Healthy Tasmanian devils released onto island
Fourteen healthy Tasmanian devils have been released onto Maria Island in a bid to help the ailing species.
COLONY OF HEALTHY Tasmanian devils is about to get a new island refuge as part of an attempt to beat the deadly facial tumour depleting the species.
Fourteen devils will this week be the first to move to Maria Island, off the east coast of Tasmania, in the hope they will be quarantined from the disease.
The aim is to establish a self-sustaining population of healthy devils on the island, listed as a national park, where the species is not found naturally.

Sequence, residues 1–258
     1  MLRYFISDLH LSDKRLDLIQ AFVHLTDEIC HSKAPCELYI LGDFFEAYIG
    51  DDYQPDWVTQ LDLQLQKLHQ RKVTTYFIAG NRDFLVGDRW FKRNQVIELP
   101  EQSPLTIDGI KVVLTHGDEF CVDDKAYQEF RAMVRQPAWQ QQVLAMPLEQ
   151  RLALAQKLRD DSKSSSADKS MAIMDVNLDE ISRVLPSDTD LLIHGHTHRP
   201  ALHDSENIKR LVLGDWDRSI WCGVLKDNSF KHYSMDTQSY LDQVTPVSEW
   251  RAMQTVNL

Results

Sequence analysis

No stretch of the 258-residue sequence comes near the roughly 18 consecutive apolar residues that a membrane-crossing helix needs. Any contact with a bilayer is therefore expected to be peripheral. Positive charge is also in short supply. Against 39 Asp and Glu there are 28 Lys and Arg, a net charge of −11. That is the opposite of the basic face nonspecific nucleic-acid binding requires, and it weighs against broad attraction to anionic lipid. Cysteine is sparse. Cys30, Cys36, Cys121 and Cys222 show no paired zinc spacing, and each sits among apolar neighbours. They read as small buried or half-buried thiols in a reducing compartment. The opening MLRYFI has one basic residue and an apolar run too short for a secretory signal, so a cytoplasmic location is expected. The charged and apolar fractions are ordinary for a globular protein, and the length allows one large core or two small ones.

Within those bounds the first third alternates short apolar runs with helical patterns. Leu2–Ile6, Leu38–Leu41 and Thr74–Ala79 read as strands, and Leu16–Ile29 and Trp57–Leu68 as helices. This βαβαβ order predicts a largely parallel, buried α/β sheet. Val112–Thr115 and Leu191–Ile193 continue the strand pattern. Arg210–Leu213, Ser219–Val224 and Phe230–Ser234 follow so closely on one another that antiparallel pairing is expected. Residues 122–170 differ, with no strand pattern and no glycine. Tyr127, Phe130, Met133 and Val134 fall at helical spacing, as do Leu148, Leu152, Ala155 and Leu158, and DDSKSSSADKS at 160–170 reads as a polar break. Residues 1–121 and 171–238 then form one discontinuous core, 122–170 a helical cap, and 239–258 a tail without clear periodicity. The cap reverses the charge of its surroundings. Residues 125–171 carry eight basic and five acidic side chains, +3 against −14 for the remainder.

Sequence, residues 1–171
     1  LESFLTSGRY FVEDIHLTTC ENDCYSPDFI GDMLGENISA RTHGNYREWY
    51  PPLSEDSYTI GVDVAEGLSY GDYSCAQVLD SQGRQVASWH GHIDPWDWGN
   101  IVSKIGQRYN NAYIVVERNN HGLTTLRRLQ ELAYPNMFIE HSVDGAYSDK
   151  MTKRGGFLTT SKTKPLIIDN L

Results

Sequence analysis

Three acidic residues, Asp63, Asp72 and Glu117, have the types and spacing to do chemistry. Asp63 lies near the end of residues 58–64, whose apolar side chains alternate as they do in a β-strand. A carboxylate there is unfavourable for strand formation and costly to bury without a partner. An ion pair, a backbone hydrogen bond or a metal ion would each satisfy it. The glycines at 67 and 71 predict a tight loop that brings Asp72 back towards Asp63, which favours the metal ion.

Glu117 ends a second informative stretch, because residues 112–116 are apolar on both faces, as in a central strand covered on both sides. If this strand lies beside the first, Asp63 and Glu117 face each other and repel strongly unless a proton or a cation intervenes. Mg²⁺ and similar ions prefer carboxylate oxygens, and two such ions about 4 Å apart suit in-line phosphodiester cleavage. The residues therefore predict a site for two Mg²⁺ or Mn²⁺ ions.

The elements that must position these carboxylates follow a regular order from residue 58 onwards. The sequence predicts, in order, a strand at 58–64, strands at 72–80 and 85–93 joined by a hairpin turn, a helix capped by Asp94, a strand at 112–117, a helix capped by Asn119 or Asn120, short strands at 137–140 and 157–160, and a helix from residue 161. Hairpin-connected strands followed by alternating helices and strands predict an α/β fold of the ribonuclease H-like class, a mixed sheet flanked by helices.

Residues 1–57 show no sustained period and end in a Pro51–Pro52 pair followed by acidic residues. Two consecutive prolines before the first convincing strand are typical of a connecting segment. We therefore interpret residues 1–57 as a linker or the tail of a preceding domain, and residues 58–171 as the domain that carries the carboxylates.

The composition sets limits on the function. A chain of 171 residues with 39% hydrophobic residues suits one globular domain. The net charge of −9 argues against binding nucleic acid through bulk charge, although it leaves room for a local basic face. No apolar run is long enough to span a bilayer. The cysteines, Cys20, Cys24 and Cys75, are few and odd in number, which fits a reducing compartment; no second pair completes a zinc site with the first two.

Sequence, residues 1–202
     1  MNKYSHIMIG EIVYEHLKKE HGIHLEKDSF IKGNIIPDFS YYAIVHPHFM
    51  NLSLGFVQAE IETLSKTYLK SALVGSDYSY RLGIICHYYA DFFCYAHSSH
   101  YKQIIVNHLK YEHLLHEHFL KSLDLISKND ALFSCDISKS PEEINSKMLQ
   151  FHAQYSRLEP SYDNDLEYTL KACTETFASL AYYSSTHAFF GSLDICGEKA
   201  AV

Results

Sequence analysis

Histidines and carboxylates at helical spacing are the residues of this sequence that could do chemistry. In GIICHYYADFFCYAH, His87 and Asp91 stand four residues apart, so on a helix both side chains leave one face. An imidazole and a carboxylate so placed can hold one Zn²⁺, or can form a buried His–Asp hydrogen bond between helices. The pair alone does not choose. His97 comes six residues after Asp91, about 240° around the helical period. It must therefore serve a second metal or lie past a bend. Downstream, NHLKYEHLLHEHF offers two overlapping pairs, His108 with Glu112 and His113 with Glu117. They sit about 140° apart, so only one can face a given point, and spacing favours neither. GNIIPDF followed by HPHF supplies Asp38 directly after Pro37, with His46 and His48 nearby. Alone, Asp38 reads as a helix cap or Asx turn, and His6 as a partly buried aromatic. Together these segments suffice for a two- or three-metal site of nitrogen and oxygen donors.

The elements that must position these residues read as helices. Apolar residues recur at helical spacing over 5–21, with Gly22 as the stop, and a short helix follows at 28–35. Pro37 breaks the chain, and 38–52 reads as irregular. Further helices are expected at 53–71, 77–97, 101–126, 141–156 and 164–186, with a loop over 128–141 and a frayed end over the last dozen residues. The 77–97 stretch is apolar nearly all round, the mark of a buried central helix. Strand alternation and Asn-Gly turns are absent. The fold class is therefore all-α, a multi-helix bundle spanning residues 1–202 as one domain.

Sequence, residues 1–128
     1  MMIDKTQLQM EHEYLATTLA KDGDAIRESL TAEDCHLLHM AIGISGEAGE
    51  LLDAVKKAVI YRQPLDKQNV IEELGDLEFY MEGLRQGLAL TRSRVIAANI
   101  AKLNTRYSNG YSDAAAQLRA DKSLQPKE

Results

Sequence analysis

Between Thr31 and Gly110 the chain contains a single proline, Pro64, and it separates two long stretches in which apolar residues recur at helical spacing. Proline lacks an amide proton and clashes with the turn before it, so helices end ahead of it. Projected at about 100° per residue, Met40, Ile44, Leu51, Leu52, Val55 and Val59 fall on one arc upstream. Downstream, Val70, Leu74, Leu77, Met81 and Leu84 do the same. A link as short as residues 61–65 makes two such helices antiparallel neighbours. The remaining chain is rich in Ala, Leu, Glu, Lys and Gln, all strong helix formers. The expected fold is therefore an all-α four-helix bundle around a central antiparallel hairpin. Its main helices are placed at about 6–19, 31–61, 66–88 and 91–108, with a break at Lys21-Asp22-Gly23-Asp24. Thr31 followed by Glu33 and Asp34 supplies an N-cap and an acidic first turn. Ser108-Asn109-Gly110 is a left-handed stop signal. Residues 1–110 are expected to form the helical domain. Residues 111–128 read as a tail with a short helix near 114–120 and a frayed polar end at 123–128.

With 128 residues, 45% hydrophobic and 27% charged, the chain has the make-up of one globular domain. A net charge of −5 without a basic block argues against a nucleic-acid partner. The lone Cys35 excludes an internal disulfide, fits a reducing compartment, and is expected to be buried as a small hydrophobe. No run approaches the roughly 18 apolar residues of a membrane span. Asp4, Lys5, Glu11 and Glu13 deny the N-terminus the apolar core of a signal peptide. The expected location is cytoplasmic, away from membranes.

The move is part of the joint state and federal Save the Tasmanian Devil Program funded with $10 million over five years by Canberra.
"We are leaving no stone unturned when it comes to protecting the Tasmanian devil," federal Environment Minister Tony Burke said in a statement. "Translocation is one of the methods of last resort and it has to be done carefully with good scientific oversight. It's part of making sure the Tasmanian devil never goes the way of the Tasmanian tiger."
More Tasmanian devils to be released
About 50 devils are planned to be released on the island over the next two years. They are sourced from an 'insurance population' of about 500 healthy devils in Tasmania and interstate.
The Maria Island devils will be monitored and their numbers reduced if they negatively impact the environment, the governments say.
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